Sunday, March 3, 2013
Posted by D. Daniel Sokol
Mike Cowie (Dechert) and Paul Denis (Dechert)analyze The Fall of Structural Evidence in FTC and DOJ Merger Review.
ABSTRACT:With the collapse of the AT&T/T-Mobile merger, the FTC’s investigation of the $34 billion merger of Express Scripts and Medco Health Solutions became the biggest story last year in antitrust merger enforcement. Opponents, largely competitors, lobbied and litigated against the deal based on large market shares and other structural evidence of market concentration in the pharmacy benefit management (PBM) business.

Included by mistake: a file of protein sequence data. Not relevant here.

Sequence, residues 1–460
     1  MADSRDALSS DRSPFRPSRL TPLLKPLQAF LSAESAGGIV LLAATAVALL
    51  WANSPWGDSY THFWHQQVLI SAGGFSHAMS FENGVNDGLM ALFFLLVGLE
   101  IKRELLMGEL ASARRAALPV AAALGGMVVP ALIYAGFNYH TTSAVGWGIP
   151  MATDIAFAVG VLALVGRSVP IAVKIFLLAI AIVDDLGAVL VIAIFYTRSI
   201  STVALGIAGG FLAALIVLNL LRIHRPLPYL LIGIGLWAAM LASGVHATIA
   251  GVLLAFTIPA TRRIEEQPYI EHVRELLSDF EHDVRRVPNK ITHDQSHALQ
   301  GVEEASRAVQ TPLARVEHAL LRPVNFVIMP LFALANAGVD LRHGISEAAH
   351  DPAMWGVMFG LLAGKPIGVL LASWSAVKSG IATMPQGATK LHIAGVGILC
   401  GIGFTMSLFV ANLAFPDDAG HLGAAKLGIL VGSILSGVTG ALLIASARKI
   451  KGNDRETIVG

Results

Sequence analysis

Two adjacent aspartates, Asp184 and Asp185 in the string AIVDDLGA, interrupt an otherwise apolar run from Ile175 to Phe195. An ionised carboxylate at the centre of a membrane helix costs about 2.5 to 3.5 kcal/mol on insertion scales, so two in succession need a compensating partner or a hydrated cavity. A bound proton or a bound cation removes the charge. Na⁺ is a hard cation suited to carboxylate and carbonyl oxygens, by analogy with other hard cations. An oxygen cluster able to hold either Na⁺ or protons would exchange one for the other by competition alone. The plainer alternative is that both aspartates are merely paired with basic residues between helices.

Yet when the FTC cleared the deal, the Commission’s detailed closing statement made scant mention of market share, market concentration, or other traditional structural evidence. The near omission of structural evidence from the Express Scripts/Medco closing statement was not an oversight. FTC staff remarks and our own experience representing Medco in the transaction show that the closing statement accurately reflects the course of the investigation. Very little time was spent on structural issues. The FTC’s decision on Express Scripts/Medco represents a significant, visible sign that structural evidence no longer plays the role it once did in agency merger analysis.